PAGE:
banner messages and handles execution errors that may result in printing
banner messages or throw execution errors that may result in printing
human-level messages. The development environment can be console-based
or you may be using a GUI tool such as PDT. In the latter case, PDT
needs to intercept the Logtalk compiler and runtime messages to present
@@ -39,10 +39,10 @@ components in a typical application. For example, your own libraries and
third-party libraries. The libraries may want to print messages on its
own, e.g. banners, debugging information, or logging information. As you
assemble all your application components, you want to have the final
word on which messages are printed, where, an in what conditions.
Uncontrolled message printing by libraries could potentially
disturb application flow, expose implementation details, spam the user
with irrelevant details, or break user interfaces.
word on which messages are printed, where, and when. Uncontrolled message
printing by libraries could potentially disturb application flow, expose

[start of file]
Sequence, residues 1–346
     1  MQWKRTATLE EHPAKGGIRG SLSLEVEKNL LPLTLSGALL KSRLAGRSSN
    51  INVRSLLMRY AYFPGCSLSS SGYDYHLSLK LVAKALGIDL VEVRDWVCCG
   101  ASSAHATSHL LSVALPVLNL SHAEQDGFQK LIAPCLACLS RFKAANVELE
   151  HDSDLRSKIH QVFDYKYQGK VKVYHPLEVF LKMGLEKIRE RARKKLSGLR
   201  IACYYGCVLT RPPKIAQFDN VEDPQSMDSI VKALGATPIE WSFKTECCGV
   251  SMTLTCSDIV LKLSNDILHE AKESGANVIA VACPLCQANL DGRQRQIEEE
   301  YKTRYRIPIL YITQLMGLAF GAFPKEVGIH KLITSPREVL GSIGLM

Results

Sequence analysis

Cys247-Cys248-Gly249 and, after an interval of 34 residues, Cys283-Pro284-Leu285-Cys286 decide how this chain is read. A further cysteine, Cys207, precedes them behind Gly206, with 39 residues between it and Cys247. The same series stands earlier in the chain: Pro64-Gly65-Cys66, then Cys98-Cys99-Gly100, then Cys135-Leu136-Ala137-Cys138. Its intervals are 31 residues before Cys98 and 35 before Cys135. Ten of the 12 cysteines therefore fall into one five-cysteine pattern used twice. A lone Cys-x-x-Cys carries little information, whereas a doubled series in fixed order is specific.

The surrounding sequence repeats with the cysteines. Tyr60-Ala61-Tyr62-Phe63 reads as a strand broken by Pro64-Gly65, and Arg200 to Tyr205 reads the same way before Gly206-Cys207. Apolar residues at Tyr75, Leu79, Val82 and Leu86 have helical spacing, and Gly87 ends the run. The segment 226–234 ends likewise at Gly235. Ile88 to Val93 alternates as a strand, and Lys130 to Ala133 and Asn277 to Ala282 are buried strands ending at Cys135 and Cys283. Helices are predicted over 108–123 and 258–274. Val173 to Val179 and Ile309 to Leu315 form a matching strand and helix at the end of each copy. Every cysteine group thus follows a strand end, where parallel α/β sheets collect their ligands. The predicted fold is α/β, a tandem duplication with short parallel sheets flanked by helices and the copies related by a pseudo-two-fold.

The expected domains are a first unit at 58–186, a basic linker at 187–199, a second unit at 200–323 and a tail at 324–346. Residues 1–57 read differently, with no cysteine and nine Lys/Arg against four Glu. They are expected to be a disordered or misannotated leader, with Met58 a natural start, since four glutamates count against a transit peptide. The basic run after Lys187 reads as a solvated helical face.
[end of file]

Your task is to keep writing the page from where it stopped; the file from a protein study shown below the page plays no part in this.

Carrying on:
implementation details, spam the user with irrelevant details, or break
user interfaces.
The solution is to decouple the calls to print a message from the actual
printing of the output text. The same is true for calls to read user input.
@@ -53,15 +53,16 @@ of user interaction).
Logtalk provides a solution based on the *structured message printing
mechanism* that was introduced by Quintus Prolog, where it was apparently
implemented by Dave Bowen (thanks to Richard O'Keefe for the historical bits).
This mechanism gives the programmer full control of message printing,
allowing it to filter, rewrite, or redirect any message.
Variations of this mechanism can also be found in some Prolog systems
including SICStus Prolog, SWI-Prolog, and YAP. Based on this mechanism,
Logtalk introduces an extension that also allows abstracting asking a user
for input. Both mechanisms are implemented by the :ref:`logtalk <apis:logtalk/0>`
built-in object and described in this section. The message printing mechanism is
widely used by the Logtalk compiler itself and by the developer tools.
implemented by Dave Bowen (thanks to Richard O'Keefe for the historical
bits). This mechanism gives the programmer full control of message printing,
allowing it to filter, rewrite, or redirect any message. Variations of this
mechanism can also be found in some Prolog systems including SICStus Prolog,
SWI-Prolog, and YAP. Based on this mechanism, Logtalk introduces an extension
that also allows abstracting asking a user for input. Both mechanisms are
implemented by the :ref:`logtalk <apis:logtalk/0>` built-in object and
described in this section. The message printing mechanism is extensively